“Has the Divina Comedia any of these characteristics? Who can read with patience, fourteen thousand lines, made up of prayers, dialogues, and questions, without sticking fast in the bogs and quicksands, and losing his way in the thousand turns and windings of the inextricable labyrinths of his three-times-nine circles? and of these fourteen thousand lines, more than two-thirds are, by the confession of Fregoni, Algarotti, and Bettinello, defective and bad; and yet, despite
of this, the Italians carry their pedantry and national pride to such a length, as to set up
Dante as the standard of perfection, to consider Dante as made for all time; and think, as Leigh Hunt and the Cockneys do of Shakspeare, that the language came to a stand-still with the god of their idolatry, and want to go back to him.”

That Shelley did not agree with Lord Byron in this criticism, I need scarcely observe. He admitted, however, as already recorded, that the Divine Comedy was a misty and extravagant fiction, and redeemed only by its “Fortunate Isles, laden with golden fruit.” “But,” said he, “remember the time in which he wrote. He was a giant.
Quel signor del’ altissimo canto,
Chi sovra gli altri come aquila vola.
Read the
Paradiso, and parts of the Purgatorio, especially the meeting with Matilda.”

He afterwards told me that the more he read Dante, he the more admired him.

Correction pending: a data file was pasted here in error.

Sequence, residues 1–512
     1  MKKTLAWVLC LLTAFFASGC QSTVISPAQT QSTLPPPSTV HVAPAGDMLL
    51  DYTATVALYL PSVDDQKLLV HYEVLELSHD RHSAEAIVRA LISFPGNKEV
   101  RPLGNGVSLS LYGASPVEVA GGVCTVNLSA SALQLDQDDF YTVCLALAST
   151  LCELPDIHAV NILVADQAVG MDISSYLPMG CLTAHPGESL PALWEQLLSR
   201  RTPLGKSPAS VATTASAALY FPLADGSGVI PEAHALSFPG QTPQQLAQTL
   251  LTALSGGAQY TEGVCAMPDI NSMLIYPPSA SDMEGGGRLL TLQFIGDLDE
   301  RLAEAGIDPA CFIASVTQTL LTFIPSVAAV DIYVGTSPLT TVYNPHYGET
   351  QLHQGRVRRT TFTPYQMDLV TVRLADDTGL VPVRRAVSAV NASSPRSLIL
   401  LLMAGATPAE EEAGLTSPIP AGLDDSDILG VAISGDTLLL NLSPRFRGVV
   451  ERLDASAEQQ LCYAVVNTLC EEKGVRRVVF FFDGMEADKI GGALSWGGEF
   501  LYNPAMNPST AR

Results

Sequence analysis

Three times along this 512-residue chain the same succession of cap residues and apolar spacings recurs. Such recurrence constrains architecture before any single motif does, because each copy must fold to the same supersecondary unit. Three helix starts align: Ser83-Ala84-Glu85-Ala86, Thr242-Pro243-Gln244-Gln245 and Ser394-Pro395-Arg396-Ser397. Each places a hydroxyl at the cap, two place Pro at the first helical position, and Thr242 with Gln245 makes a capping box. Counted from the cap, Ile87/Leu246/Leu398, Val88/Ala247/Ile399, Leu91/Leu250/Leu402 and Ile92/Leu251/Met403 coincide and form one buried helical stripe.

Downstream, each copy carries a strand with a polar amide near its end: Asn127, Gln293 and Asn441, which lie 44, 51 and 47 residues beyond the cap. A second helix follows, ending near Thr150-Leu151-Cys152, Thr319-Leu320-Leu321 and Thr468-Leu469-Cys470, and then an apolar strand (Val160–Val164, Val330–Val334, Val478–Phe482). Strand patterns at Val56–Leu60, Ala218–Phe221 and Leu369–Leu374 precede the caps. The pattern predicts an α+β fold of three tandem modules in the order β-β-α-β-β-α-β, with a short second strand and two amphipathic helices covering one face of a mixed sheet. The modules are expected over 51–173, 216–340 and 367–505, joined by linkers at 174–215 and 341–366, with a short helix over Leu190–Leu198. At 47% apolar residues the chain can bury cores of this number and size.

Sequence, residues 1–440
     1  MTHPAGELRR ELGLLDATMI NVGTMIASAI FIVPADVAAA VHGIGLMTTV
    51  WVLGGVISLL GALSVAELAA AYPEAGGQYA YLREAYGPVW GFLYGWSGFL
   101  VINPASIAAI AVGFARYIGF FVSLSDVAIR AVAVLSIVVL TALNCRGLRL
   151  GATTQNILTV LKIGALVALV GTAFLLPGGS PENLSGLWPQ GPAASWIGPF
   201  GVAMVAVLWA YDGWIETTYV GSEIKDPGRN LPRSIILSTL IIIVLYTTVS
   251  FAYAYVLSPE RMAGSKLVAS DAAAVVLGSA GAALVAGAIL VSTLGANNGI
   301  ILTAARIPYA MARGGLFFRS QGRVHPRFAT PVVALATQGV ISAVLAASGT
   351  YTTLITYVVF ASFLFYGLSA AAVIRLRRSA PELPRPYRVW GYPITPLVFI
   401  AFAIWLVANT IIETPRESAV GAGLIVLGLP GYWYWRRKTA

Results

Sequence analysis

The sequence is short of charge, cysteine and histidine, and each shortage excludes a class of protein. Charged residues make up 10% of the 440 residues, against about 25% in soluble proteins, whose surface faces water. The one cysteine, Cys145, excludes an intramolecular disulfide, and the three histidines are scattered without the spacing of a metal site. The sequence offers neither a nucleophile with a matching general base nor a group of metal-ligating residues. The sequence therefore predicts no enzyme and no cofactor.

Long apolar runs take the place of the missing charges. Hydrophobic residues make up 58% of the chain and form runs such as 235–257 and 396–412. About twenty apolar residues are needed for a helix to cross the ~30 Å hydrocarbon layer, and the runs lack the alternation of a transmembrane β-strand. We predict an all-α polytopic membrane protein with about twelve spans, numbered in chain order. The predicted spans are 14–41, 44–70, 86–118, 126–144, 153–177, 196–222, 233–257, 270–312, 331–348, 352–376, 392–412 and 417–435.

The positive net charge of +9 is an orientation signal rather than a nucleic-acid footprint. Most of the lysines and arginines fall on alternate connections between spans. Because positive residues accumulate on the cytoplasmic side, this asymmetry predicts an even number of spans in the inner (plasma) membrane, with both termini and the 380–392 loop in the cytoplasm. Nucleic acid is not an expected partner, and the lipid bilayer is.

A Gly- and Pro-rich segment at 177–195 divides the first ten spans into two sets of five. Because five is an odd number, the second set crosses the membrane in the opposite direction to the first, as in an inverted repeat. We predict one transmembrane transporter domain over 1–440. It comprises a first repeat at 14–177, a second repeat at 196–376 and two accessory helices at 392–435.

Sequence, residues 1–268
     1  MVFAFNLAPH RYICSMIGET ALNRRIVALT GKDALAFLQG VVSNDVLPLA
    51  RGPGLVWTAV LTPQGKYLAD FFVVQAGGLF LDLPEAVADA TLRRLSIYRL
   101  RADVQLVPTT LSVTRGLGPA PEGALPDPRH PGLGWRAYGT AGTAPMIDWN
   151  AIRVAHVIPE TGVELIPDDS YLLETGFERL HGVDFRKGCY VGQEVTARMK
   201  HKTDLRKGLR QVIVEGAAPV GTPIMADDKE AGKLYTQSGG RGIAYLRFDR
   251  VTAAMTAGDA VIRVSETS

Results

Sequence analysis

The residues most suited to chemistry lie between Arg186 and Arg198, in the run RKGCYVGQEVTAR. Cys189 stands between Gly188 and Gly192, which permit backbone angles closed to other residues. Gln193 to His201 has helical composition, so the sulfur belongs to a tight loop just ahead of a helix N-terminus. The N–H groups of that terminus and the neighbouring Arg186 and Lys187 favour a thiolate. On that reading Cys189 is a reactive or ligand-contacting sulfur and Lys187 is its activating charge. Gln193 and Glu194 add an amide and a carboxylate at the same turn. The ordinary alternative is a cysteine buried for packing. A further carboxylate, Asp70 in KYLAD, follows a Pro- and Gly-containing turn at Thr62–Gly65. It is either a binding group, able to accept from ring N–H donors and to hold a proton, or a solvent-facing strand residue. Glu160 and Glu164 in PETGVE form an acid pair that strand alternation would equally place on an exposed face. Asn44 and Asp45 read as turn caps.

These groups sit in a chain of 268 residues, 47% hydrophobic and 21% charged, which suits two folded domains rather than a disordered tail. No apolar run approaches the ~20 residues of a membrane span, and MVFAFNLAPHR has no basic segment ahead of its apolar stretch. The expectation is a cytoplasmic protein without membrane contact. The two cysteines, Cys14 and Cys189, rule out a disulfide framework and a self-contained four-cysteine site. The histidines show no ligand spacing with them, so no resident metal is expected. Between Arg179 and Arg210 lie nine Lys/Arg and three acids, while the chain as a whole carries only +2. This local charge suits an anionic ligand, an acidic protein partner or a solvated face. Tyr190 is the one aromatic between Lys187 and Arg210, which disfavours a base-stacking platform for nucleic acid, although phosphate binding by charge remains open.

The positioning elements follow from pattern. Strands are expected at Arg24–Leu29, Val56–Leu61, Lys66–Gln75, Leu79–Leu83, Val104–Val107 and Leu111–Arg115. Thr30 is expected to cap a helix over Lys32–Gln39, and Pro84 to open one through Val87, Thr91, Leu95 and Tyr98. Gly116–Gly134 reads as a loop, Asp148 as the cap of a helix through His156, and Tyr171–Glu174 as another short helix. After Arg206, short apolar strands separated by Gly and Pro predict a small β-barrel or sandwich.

He says in his Letters, p. 225, that he excelled all poets, except Shakspeare, in tenderness, sublimity, and ideal beauty. In his Defence of Poetry, Shelley calls the Apotheosis of Beatrice in the Paradiso, and the gradations of his own love and her loveliness, by which, as by steps, he figures himself to have ascended to the throne of the Supreme Cause, as the most glowing images of modern poetry; calls the Paradiso a perfect hymn of everlasting love, and the poetry of Dante the bridge thrown over the stream of time, which unites the modern and ancient world. Nay, more, he admired Dante as the first reformer, and classes him with Luther, calling him the first awakener of Europe, and the creator of a language in itself music.

It was during the latter part of my stay at Pisa, that Byron formed his design of building a yacht. Shelley, whom he consulted in all his private affairs, settled the price of the vessel, to be built under the superintendence of the naval architect of the Darsena at
Genoa. His own passion for boating, already strong enough, was doubly excited by this idea of